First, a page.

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January 1962

Methods of Coronary Arteriotomy Closure in the Dog

Author Affiliations

Section of Surgery (Dr. Ellis), and Section of Roentgenology (Dr. Plum), Mayo Clinic and Mayo Foundation, and Fellow in Surgery, Mayo Foundation (Dr. Doumanian).

Arch Surg. 1962;84(1):114-121. doi:10.1001/archsurg.1962.01300190118015

Endarterectomy is an established method of restoring arterial circulation in a chronically obstructed artery. The technique has been carried out in a variety of anatomic sites and has recently been employed with varying success on human coronary arteries.1-3 There has, however, been a tendency toward late closure of small arteries after endarterectomy.4 This has prompted some surgeons to enlarge the lumen of the endarterectomized segment by patch grafts of plastic material5 or autogenous vein.6,7 Indeed, Senning8 has reported recently on "strip grafting" of the coronary arteries in the human.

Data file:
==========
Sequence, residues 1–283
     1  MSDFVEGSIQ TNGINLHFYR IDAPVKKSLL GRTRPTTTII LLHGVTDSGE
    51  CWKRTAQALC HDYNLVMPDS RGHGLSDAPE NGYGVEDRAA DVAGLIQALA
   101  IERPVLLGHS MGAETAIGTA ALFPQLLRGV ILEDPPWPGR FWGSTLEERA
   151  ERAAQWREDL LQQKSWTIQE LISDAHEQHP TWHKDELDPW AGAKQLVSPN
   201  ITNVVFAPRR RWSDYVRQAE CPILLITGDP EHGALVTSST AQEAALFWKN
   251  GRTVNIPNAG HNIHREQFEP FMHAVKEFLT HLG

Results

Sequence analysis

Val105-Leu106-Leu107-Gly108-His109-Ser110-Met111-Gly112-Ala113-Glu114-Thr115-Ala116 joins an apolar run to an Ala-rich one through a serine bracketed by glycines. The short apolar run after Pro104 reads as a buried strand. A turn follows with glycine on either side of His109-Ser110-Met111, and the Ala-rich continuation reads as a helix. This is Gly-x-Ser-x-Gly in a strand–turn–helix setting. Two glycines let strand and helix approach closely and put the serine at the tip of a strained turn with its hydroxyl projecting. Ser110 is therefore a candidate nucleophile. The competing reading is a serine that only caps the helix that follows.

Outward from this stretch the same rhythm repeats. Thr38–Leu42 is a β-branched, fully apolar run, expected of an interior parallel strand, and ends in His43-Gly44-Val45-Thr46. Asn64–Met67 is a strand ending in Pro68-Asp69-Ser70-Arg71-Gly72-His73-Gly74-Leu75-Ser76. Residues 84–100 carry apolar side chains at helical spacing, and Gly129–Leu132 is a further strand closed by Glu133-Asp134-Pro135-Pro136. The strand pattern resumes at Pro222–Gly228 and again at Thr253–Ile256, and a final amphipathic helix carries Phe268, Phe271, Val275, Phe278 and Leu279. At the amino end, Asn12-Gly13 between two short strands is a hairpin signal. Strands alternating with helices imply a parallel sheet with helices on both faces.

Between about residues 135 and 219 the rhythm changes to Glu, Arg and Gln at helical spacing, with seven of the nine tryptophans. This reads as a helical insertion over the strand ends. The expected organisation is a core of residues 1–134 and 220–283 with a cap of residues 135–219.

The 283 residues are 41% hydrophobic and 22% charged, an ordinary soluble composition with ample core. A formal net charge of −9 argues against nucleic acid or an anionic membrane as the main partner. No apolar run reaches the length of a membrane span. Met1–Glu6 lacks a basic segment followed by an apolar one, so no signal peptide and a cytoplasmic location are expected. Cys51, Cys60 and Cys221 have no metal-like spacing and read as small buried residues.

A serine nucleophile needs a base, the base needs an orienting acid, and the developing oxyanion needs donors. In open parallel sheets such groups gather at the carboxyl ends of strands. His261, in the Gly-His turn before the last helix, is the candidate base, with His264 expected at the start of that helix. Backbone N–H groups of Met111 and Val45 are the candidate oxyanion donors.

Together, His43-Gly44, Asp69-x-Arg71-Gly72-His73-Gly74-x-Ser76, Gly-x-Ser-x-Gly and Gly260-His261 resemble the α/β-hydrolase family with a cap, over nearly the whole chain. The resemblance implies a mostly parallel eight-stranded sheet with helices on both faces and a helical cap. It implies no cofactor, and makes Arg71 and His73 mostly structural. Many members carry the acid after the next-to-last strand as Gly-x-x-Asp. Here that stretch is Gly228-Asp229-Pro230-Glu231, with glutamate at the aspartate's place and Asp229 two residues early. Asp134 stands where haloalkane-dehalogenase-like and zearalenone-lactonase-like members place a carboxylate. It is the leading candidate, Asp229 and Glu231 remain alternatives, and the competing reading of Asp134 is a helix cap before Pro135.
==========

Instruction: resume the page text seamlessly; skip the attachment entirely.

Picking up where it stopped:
This study was undertaken to evaluate various methods of closure of incisions in the circumflex coronary artery in the dog.

Methods  Twenty-two adult mongrel dogs weighing from 11 to 18 kg. were employed in this study. The animals were anesthetized by intravenous administration of pentobarbital sodium in the amount of 25 mg. per kilogram, and respirations

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